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Records of Bucks
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Carving on the font at Stone HERACLES OR CHRIST?
The 12th-century
font at Stone
– a controversy

The heavily carved font in the church of St John the Baptist in Stone has a chequered history. It was removed in 1767 from the Church of St Mary at Hampstead Norris, in Berkshire. It then travelled about, was damaged, restored, and was presented in 1844 to the Church at Stone.

Its pictorial and geometric carvings have always been the subject of controversy, and this continues today.

Conflicting interpretations of the carvings were considered by Ellen Ettlinger in an article in the society's own Records of Buckinghamshire in 1964. Drawing on similar carvings on a capital in the Yorkshire Museum and the Greek myths of Heracles, Ellen Ettlinger added her own interpretation.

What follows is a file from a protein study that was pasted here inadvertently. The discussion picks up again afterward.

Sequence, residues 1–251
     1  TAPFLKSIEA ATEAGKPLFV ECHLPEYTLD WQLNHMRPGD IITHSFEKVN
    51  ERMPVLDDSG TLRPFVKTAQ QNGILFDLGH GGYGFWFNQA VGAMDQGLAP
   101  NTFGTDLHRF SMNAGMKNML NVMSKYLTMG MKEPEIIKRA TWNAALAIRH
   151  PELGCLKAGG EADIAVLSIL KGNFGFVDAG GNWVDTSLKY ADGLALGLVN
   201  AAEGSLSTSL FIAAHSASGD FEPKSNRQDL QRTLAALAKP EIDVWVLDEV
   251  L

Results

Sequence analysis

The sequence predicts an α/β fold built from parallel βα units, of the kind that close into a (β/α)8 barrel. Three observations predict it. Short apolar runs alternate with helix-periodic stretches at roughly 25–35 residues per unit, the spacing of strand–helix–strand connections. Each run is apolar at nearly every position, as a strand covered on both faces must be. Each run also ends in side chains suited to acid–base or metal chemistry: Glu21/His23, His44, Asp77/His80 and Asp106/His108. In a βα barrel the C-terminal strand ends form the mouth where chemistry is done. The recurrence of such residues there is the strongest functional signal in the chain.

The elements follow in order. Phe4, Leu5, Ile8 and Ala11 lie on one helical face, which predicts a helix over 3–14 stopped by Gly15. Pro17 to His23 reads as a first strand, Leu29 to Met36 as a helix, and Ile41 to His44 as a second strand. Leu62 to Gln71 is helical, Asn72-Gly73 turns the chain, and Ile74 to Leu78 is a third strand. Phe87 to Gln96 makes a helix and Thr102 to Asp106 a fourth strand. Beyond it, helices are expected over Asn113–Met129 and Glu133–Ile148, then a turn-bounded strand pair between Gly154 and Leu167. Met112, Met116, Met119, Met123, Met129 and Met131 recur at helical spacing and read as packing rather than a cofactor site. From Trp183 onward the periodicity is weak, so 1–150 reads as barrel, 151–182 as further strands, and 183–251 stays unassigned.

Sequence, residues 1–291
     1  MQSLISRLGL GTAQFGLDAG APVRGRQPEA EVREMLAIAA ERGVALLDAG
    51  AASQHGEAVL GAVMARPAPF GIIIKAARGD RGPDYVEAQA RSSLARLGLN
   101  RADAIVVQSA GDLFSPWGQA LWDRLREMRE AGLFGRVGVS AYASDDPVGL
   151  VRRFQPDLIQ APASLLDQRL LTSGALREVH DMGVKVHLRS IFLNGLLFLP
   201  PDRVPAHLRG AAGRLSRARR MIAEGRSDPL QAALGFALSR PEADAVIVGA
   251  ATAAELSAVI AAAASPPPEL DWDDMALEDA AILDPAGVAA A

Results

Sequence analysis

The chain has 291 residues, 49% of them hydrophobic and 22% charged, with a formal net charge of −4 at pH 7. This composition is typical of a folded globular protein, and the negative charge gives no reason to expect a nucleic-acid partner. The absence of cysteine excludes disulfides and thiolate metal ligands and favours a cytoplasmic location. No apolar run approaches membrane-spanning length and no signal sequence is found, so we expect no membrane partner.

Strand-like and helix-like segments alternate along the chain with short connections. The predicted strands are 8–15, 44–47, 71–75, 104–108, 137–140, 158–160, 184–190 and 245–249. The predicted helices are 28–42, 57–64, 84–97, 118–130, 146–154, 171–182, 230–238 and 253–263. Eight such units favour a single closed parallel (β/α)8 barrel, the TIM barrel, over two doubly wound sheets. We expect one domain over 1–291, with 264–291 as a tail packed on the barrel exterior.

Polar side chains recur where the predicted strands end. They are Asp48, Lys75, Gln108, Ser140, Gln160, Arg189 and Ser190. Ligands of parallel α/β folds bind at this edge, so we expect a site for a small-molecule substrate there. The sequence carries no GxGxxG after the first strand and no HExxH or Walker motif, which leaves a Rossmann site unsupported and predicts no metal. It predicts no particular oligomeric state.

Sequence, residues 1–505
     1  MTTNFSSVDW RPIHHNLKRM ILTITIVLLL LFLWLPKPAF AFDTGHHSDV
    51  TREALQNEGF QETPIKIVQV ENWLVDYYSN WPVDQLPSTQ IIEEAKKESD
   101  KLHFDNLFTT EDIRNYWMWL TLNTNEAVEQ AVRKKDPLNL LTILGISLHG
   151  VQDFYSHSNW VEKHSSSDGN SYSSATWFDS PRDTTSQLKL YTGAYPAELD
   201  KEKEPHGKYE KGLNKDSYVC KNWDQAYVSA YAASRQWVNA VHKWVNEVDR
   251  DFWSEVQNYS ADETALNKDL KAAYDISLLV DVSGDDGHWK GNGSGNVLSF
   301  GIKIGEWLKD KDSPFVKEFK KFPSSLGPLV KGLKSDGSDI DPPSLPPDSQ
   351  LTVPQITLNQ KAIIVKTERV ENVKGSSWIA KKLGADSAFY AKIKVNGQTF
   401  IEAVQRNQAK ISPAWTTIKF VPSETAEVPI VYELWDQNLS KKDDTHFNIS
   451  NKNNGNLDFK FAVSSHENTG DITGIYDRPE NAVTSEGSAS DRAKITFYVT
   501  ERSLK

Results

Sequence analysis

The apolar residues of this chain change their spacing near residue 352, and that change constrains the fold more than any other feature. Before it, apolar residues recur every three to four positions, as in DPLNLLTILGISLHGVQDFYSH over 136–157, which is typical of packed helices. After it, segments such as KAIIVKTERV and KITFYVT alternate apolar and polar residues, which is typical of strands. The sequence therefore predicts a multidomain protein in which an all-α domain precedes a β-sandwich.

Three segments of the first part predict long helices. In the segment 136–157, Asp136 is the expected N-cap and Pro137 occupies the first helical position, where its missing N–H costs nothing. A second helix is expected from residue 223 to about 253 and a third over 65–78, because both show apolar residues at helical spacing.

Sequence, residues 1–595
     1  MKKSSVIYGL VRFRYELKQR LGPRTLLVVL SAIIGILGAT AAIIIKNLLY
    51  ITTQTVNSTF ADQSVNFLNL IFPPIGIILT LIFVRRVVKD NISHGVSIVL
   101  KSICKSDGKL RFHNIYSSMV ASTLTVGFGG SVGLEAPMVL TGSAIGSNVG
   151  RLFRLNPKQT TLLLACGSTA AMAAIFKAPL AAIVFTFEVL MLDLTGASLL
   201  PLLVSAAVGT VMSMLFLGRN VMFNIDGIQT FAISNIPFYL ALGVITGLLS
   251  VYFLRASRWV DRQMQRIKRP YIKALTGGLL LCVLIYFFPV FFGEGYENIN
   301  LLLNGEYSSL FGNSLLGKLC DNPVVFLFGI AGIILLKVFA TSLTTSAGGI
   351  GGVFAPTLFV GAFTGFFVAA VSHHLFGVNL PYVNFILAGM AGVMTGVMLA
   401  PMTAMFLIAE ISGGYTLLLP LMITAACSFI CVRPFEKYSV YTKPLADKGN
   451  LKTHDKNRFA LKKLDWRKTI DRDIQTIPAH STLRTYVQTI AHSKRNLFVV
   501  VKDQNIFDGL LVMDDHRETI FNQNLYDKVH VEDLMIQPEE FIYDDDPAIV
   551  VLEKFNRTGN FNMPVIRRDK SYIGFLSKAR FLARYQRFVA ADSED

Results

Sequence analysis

Some years later this interpretation was challenged by Mary Curtis Webb in a book titled Ideas and Images in 12th-Century Sculpture, though this remained unpublished when she died in 1987. However in 2010 her daughter, Gillian Greenwood, rescued her mother's work and had some copies printed. As a result he book is now available on-line through the University of Ghent in Belgium.

The 12th-century font that is now at Stone is undoubtedly one of Buckinghamshire's significant historic objects – and the interpretation of its carvings is an issue for our understanding of medieval Christianity.

As this issue was first raised in Records of Bucks, this website now makes available both interpretations, in the hope that these may not only be of interest but may encourage further research into this significant 12th-century font and cast more light on the meaning of its carvings.

Follow these links to read: